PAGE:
“Tan, it’s Jamie. They have refused my paperwork! They say I need a employment contract!”

“What? What are you talking about? You can’t have one of those until you get your 90-day visa.”

I was in a dreaded Catch-22 situation, a terrible place to be in the world of Thai bureaucracy. My heart sank further. I poured my precious beer money into the phone and tried to get a handle on what was happening.

“What am I going to do Tan? I don’t have a lot of money, I can’t afford to stay here longer to sort this out. I only have enough for accommodation for tonight.”

“Well Khun Jamie, I think you need to go back to the embassy and tell her that you are right and she is wrong.”

This was the last thing I wanted to hear. I was now going to become the proxy in a battle of wills over paperwork. By now I had burnt through all of my Beerlao money and I was eating into emergency accommodation funding.

Sensing that I was on the verge of a full-on mental breakdown, Tan took control of the situation.

“Go back to the embassy. I shall call them and straighten it out.”

“Are you sure Tan? What are you going to be able to do? What should I do if I…” Click. Money gone. It was Squeaky bum time.

Flustered and bedraggled I staggered back out of the post office. I was caked in dirt and sweat, and my shirt looked like it had been used to wipe down furniture. It was now or never. I flagged down another ride and climbed in. Back to the embassy I went.

That Tuk-Tuk ride was a long one. My whole dream of living in Thailand permanently hinged on getting that work visa. It looked like a blue passport and it was as rare as rocking horse shit to get one through a non-state school. It would allow me to do away with the soul-destroying monthly border runs to Burma. It would enable me to live as a regular person and be a professional, productive member of society; not just some slack-jawed tourist. It would exempt me from whatever confusing government edict had been issued that particular week for foreigners. All of that slid slowly out of view as I sat in the back of my puttering ride.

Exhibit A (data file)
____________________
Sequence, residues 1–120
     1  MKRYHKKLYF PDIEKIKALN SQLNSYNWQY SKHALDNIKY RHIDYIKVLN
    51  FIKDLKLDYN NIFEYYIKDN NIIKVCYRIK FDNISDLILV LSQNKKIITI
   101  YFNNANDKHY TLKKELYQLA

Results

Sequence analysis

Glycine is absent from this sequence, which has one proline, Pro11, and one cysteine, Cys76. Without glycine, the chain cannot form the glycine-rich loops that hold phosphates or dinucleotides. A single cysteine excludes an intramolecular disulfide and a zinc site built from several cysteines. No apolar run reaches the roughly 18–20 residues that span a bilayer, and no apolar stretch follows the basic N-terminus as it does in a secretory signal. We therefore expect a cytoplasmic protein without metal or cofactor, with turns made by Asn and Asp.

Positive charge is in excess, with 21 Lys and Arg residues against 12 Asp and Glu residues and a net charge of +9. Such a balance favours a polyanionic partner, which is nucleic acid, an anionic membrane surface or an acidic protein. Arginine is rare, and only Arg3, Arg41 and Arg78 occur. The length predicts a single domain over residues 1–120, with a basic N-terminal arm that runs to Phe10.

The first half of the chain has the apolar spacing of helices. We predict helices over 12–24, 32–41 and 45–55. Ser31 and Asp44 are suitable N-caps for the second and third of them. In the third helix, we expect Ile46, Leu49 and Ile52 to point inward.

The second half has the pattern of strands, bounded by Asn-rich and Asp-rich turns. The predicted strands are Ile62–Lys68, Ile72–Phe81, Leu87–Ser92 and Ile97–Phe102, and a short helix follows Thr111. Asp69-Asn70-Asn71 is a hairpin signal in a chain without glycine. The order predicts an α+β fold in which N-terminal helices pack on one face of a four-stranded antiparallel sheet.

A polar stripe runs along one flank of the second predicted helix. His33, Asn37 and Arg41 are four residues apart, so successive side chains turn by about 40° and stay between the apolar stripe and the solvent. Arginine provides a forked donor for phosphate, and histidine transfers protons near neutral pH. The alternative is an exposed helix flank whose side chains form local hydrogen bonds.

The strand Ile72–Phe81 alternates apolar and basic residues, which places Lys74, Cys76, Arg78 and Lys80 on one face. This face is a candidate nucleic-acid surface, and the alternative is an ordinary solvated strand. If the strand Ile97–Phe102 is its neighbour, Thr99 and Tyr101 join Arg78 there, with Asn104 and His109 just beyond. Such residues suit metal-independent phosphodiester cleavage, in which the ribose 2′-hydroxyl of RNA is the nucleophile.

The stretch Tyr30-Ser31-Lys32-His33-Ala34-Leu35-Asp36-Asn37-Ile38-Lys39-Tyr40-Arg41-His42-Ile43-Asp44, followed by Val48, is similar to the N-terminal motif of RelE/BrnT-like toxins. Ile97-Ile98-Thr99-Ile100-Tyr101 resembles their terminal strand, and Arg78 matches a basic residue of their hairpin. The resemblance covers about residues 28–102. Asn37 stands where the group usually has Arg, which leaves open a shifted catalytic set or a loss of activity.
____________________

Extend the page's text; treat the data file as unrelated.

With the last ounce of decorum I possessed I got out of the Tuk-Tuk, patted myself down, straightened my tie and walked into the embassy. I passed all the laughing and smiling people whose days had gone according to plan. I strode with purpose up to the counter, not having to wait because almost everyone had been seen. I placed my identical pile of paperwork on the counter and stared around in the manner of a person who expected to be dealt with.

My nemesis approached from the rear of the office. Again the paperwork was glanced at.

“Your paperwork is not in order,” she intoned from the other side of the counter.

An aging, blond-haired surfer traveling with his Thai wife gawped from the seats in my peripheral vision. I took a deep breath, looked her straight in eyes and mastered my own destiny.

“I would like to speak to your boss. They have received a call about me, they just haven’t told you about it yet.”

The remaining people in the room fell silent. All eyes swiveled around onto the two of us. This was it. The immigration lady stood impassive, I searched her face for some sign that I had gotten through. None was there. I repeated my request, this time a little louder.

Without a word she pivoted on her heel and was gone. I stared at the clock as my time prepared to run out. Tears of frustration welled in my eyes. I wouldn’t go and sit back down. Everything was falling apart. I had the stupid fixed grin of a beaten man.

A different lady returned from an unseen room. She walked up to the counter, stamped my paperwork and told me to return the following afternoon to pick up my visa; Moments later she was gone.

I drank free beer that night with a crowd from a hostel, good people who wanted to help after they’d heard about my plight. The outdoor bars in downtown Vientiane throbbed with people. I soothed my blistered brain by the banks of the Mekong and prepared for whatever Southeast Asia would throw up next.

© 2012 Jamie M. Bradley All Rights Reserved